Not long ago a group of my friends--seven couples--sat down to plan that once-in-a-lifetime European vacation that they have been talking about for as long as I've known them.
They spent hours going over possible itineraries. Some thought they should start in London, circle the Continent and end up in Paris, while others preferred to go first to the farthest point, Naples, and then work back to London.
They discussed hotels and pondered the merits of self-drive versus rail or coach. Should they spend two days or three visiting World War II sites in Italy, where a couple of them had served? Should they spend an extra day in Paris, or Southern Germany, or London?
Talk about excitement. I've seen kids on Christmas Eve less animated.
The one thing they didn't spend a lot of time talking about was how they were going to get across the Atlantic Ocean. When the subject was broached early in the evening, it was dismissed with a wave of several hands.
No More Group Rates
Just call an airline, any airline, and tell them we have 14 people traveling together and they'll be falling all over themselves to give us a deal. After all, group rates are much lower than individual, right?
But it hasn't turned out that way. Their timing couldn't have been worse.
It's been more than eight weeks since that first heady planning session, and the 14 have been unable to find a carrier willing to take them at group rates.
It appears as if they will have to fly separately--at individual prices--on at least three airlines over 24-hours, then link up in Rome before setting off on their dream vacation together.
Their difficulties stem from the decision of management experts in the various foreign-flag international airlines to cut back on the allocation of seats for sale in this country. Carriers have found that there's more money to be made by peddling their wares in Europe.
European Sales Better
The condition of the U.S. dollar against the German mark, British pound, Swiss franc and other European currencies is such that an airline gets 30% or 40% better yield by selling a seat in its country than by selling it in the United States and being paid in dollars.
As a result, airlines that used to put three-quarters of their transatlantic seats on the market in this country each summer and sell the rest in their native lands have reversed the ratio.
It's awfully hard to fault the carriers for their strategy. Somebody once asked Willie Sutton why he robbed banks. He said: "Because that's where the money is." The airlines are simply going "where the money is."
European currencies are strong vis-a-vis the dollar. And so Europeans are finding the United States a more attractive vacation destination and demand for seats is high in Great Britain, West Germany, France and elsewhere on the Continent.
So in 1988 the international airlines are playing hard to get in the United States. Whereas in the past the airlines might have been willing to work to accommodate a group of 14, this year they simply don't want the business.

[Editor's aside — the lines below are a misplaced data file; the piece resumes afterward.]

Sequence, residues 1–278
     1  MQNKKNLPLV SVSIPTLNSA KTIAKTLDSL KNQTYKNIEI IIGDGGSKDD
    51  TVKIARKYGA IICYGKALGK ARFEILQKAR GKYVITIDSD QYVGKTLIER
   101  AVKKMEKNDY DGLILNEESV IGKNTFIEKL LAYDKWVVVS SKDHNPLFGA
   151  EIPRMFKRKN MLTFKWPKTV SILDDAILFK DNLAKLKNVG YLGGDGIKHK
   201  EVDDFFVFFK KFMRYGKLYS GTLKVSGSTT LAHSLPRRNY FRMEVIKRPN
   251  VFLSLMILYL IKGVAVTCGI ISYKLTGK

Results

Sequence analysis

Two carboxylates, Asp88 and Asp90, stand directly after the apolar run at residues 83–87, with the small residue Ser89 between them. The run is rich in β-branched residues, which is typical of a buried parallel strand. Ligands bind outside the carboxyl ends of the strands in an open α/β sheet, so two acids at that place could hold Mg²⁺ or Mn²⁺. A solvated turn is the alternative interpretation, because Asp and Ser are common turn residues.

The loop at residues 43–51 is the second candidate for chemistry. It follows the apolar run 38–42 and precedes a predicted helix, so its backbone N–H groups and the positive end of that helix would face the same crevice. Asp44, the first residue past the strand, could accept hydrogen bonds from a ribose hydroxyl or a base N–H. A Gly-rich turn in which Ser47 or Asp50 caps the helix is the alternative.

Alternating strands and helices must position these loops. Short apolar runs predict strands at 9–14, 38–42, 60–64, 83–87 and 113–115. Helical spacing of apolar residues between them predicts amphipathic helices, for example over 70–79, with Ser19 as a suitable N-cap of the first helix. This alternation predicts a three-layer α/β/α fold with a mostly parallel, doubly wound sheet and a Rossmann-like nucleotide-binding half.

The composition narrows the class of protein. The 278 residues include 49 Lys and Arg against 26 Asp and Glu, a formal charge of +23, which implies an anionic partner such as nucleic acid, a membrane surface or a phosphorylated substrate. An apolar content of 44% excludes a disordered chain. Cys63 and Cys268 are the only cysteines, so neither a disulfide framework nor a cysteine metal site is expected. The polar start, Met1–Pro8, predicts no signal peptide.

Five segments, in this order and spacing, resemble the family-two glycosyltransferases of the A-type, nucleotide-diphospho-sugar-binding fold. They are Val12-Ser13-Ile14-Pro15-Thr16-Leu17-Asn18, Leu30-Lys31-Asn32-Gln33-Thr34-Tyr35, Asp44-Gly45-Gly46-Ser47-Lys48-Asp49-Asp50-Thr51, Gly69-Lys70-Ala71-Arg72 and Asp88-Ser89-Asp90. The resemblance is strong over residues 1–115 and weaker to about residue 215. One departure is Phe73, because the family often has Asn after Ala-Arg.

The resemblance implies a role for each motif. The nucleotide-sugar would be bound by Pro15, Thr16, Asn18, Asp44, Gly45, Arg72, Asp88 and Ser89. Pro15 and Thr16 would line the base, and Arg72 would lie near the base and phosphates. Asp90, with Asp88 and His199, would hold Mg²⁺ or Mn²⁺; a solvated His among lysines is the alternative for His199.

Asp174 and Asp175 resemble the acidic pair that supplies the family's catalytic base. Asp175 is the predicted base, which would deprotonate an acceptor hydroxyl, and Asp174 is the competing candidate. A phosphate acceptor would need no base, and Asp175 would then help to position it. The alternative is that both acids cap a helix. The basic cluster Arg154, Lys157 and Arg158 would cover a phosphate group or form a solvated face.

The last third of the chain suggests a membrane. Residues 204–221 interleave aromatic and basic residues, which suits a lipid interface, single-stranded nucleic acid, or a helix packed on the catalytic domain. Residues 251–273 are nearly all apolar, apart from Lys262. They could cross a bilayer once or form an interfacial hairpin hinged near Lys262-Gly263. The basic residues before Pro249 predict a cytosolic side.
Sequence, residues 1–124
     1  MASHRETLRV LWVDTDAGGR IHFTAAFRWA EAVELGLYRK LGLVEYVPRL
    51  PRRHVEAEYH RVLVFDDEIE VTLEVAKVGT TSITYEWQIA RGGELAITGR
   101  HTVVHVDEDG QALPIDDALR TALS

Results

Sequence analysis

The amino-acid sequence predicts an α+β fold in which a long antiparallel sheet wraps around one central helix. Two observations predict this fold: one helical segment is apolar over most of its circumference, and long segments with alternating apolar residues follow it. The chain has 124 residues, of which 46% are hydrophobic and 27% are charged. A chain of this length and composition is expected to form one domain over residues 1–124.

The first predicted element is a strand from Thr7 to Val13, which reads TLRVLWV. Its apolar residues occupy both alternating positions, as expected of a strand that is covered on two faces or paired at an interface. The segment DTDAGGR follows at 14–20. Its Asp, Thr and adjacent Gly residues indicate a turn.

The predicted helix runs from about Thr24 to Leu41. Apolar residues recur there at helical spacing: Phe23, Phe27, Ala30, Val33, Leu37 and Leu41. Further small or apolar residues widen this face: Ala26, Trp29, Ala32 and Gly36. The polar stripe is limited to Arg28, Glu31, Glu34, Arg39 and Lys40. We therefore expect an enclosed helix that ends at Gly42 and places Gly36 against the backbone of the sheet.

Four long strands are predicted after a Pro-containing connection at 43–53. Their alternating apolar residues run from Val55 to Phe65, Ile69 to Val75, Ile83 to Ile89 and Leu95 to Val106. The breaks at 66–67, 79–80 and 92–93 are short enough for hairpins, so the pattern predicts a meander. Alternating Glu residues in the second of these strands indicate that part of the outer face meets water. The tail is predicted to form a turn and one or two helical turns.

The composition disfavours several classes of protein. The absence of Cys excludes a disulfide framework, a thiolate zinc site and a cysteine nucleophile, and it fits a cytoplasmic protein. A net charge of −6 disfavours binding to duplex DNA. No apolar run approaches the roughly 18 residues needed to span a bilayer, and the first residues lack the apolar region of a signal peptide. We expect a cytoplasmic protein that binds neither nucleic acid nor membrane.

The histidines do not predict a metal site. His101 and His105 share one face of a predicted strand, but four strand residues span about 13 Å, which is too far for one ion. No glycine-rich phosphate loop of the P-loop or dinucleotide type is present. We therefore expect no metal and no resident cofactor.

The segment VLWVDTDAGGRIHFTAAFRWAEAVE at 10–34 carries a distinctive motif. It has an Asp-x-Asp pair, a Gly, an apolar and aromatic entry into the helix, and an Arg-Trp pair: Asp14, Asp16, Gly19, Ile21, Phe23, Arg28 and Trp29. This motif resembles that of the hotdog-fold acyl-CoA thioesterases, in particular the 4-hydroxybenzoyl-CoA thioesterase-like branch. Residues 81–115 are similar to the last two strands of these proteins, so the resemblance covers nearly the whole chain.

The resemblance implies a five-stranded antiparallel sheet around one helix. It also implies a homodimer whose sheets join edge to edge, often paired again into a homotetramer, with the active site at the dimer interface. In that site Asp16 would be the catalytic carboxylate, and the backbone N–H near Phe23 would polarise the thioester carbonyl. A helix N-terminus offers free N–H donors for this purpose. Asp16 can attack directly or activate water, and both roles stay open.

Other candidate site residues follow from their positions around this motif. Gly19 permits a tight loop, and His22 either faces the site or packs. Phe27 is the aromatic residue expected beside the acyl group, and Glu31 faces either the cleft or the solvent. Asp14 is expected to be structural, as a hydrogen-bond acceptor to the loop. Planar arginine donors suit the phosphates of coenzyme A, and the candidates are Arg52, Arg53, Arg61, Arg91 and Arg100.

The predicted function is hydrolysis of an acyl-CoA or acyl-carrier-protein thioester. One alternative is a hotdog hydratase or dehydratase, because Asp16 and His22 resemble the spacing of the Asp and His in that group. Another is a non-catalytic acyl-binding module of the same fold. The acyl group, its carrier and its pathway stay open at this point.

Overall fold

Less affected by the trend are the U.S.-flag international lines, companies such as American, Pan Am, Delta, Continental and TWA. Because of the ethnic nature of the market, demand for their product in Europe is lower than it is for the "local" carriers.
But they too are, to some extent, involved in allocation switching, despite what they may say publicly.
What the foreign airlines are now doing is essentially what the U.S. carriers have done on the other side of the Atlantic for years. When the dollar was strong and demand high in the United States, our home-bred air carriers seldom showed much inclination to cater to Europeans.
Now that the shoe is on the other foot, it's American travelers who are suffering. Travelers in the West are particularly unfortunate as a result of the maneuvering to increase yields.
For starters, there isn't as much transatlantic air space for the West Coast as there is from the East Coast.
At the same time, areas such as California, Arizona and Nevada are tremendous magnets for European vacationers, so there is heavy pressure in Europe for the available seats to the West Coast.
Prices Higher to West
Seat prices from London, Paris, Frankfurt and other major European cities are higher to the Western U.S. than to the East. And the higher the fare, the higher the potential profit, which gives the management types in head offices a double incentive to market the product anywhere but here.
It's not that you can't find air transportation to Europe this summer. You can. But you may not, at this late stage, find discount fares as readily available as you thought. And you may find group seats on some carriers unavailable.
The situation, however, is a temporary one. The dollar won't always be soft, and demand for Europe-originating transatlantic travel, in all likelihood, won't maintain its current strength.
When that shifts, so will the yield-inspired market allocations. The carriers will once again put the majority of their product on sale in this country.
Until then you'll just have to do what my friends have done . . . take the seats where you find them, at whatever the price.